Style and Technique

(Comprehensive Guide to Short Stories, Critical Edition)

Joy Williams once said in an essay that the writer cherishes mystery and does not want to advocate or instruct or disclose but rather to escape the obligations of his or her time by transcending them. She also noted that once a writer knows how to achieve a certain stylistic effect, he or she must abandon that method, for repeated effects become false and mannered. However, Williams’s writing has been criticized by some reviewers as being merely mannerism, that she writes predictably “laconic little slices of life,” each one of which is deceptively inconsequential and indistinguishable from the last one.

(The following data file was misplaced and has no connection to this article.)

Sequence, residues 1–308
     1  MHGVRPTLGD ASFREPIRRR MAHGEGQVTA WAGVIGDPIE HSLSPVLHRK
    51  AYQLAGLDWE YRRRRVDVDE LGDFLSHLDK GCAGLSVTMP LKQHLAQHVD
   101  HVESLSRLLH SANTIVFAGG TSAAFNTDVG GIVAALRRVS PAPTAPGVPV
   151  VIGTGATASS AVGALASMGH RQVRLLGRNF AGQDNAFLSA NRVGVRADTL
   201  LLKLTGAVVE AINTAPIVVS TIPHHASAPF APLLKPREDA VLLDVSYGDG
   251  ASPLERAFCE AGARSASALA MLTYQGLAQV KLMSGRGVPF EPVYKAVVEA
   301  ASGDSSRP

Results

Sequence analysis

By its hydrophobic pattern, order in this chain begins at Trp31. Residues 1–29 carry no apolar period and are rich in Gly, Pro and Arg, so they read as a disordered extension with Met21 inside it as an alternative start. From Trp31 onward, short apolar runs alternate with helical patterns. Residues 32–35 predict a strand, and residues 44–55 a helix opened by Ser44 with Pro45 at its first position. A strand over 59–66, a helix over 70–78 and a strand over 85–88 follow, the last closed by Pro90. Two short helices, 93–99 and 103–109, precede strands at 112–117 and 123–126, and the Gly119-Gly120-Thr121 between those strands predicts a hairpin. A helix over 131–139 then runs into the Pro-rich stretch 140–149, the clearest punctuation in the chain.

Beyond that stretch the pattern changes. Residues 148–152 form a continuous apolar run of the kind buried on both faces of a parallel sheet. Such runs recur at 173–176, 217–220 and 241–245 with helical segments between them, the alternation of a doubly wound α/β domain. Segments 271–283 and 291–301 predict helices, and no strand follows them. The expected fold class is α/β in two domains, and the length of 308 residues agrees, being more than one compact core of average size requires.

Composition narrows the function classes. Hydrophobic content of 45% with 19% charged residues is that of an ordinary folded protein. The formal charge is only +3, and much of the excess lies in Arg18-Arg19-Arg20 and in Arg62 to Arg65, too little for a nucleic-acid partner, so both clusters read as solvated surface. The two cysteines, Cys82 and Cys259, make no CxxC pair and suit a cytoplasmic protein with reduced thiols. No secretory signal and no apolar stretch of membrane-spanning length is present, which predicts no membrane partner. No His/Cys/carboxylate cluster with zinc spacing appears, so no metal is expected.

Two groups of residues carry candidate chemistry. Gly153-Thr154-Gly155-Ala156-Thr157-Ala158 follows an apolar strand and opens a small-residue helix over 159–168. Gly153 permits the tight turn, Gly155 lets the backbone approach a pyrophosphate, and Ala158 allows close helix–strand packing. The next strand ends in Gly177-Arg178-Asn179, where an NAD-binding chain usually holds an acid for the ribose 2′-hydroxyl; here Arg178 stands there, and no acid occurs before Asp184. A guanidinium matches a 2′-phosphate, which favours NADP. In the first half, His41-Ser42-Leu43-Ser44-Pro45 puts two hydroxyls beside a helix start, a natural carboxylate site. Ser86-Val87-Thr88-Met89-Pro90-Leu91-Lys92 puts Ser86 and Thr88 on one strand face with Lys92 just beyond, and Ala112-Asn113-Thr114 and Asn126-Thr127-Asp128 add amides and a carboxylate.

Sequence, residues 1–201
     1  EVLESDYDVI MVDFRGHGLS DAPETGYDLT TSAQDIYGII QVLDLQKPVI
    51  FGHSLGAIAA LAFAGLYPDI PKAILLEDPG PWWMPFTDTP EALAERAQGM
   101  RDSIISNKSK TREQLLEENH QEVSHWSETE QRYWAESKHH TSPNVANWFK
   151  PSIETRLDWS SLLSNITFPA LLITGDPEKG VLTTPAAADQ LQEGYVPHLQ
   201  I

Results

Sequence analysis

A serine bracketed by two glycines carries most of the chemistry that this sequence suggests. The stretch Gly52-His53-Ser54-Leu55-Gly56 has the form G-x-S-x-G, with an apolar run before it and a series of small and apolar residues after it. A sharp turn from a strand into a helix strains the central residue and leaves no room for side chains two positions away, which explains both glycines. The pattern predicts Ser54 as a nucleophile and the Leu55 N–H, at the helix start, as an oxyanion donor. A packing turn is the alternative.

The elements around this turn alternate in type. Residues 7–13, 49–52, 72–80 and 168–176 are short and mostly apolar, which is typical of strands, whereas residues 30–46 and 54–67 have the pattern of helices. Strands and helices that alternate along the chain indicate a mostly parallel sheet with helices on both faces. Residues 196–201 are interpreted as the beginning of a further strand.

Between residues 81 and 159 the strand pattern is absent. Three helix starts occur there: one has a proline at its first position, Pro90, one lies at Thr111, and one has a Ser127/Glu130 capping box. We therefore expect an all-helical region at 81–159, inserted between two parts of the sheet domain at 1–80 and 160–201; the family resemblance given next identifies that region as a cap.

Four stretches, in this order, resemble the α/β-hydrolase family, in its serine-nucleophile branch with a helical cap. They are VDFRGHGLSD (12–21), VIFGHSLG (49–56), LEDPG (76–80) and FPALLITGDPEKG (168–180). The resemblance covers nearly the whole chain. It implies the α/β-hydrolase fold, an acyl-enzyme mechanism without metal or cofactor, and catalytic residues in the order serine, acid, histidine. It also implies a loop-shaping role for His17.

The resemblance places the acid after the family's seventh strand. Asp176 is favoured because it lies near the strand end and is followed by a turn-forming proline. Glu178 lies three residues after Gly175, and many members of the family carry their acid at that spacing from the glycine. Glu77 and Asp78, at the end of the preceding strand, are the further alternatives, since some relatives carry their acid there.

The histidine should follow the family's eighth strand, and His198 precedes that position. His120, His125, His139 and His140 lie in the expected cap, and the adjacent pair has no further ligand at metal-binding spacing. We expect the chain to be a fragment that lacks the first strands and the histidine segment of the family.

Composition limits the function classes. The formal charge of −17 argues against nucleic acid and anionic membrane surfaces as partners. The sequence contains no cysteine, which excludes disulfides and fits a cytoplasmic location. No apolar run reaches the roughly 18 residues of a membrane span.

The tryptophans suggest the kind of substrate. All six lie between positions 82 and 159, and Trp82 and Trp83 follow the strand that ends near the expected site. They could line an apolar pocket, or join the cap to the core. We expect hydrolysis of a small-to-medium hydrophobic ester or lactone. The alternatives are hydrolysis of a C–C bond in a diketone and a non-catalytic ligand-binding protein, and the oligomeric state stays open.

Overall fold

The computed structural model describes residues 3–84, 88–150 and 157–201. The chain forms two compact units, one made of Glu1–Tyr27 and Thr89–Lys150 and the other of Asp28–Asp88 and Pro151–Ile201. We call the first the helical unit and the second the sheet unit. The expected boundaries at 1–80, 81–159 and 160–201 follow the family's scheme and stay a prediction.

“Train” is a classic example of the minimalist style that became popular after the success of Raymond Carver in the 1970’s. Nothing of major significance seems to take place; a lot of seemingly trivial details are mentioned; and characters seem isolated from one another by misunderstanding and preoccupation. However, the story differs from the bare realistic laconic nature of Carver’s stories by harkening back to the clever precocity of the Glass family of J. D. Salinger more than twenty years earlier. For example, when Jane chides Danica for writing a letter to her dog, she says, “Your writing to Jim Anderson is dumb in about twelve different ways. He’s a golden retriever, for Godssakes.”

As is typical of this kind of story, seemingly inconsequential events and details have thematic rather than plot significance....

(The entire section is 456 words.)